ARTE.TV – On Demand – Documentary
On the occasion of the international conference dedicated to the Mediterranean diet, in May 2005 in Rome, our colleague Jean-Yves Nau wrote in the world From May 24, 2005: “The secrets and virtues of the 'Mediterranean Diet' are gradually revealed, a formula that proposes a list of dietary restrictions while above all it is about education in the field of food pleasure. »
Nearly twenty years later, research and discoveries have advanced dramatically, and documentaries have covered the progress, even if some, like the recent series 100 Years of Abundance: Secrets of the Blue Zones, Journalist Dan Buettner, featured on Netflix, is unfortunately biased on the subject.
Many scientists, who were previously skeptical, have been convinced by the convincing results of long-term and large-scale studies, organized since the beginning of the 1990s. What the French-Greek documentary tells (remember that the most famous regimes in the region) are Cretan) Mediterranean diet. The perfect recipewritten by Alexandros Mercouris, available on Arte.tv.
The first discovery made about this diet, low in red meat, sugars and animal fats (butter and cream) but rich in fruits (fresh and dried), vegetables and legumes, was its importance. Contributing to the fight against cardiovascular diseases.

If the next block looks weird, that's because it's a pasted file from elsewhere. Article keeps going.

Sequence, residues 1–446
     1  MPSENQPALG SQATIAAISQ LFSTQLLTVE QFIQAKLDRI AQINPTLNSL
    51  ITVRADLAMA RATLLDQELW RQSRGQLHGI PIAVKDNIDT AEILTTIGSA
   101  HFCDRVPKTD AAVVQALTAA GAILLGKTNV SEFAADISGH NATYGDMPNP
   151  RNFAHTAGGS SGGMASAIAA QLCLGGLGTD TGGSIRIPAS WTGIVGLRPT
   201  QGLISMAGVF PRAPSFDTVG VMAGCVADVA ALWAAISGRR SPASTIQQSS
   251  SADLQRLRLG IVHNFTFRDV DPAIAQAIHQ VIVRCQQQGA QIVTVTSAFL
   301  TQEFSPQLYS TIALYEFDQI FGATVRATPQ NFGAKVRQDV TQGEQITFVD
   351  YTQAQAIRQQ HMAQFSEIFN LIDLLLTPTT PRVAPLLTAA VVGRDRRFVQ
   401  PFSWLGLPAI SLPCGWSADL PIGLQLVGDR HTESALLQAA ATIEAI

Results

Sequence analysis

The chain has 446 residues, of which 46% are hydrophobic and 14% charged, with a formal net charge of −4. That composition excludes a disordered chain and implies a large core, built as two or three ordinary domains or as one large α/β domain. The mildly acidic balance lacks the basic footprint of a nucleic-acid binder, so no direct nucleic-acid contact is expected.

It was the work of Ancel Keys (1904-2004), the American scientist nicknamed “Mr. Olive Oil” (and deceased centenarian!) who highlighted the benefits of vegetable fats, including olive oil. Medicine today confirms this: “Olive oil effectively prevents myocardial infarction”As one of the many scientists interviewed, Miguel Ángel Martinez González, a Spanish public health professor, said. And to add: “I don't like to talk about “Superfood,” but if there was one, it would be olive oil. »
Another section of the documentary focuses on the benefits of this diet in relation to some types of cancer (breast cancer, colorectal cancer). The disease was previously linked to smoking, but otherwise, recalls Walter Willett, a professor of epidemiology and nutrition at Harvard's T. H. Chan School of Public Health. “It seems like the Divine Punishment strikes randomly.”
The most important part of the film by Alexandros Mercouris concerns the people who do not enter the world during the Rome conference of 2005: it enters a middle-class environment and the risks of the next day, which are notified. in France. By increasing daily consumption of fruits, vegetables and fatty fish, the risk of developing Alzheimer's disease will be reduced by 30% to 36%.
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Other benefits have been listed, observed clinically, but there is still a way to go in research and, even more so, in nutritional education of the population. Because it was mentioned at the beginning Mediterranean diet. perfect recipe, Cretan youth now eat manufactured industrial products…
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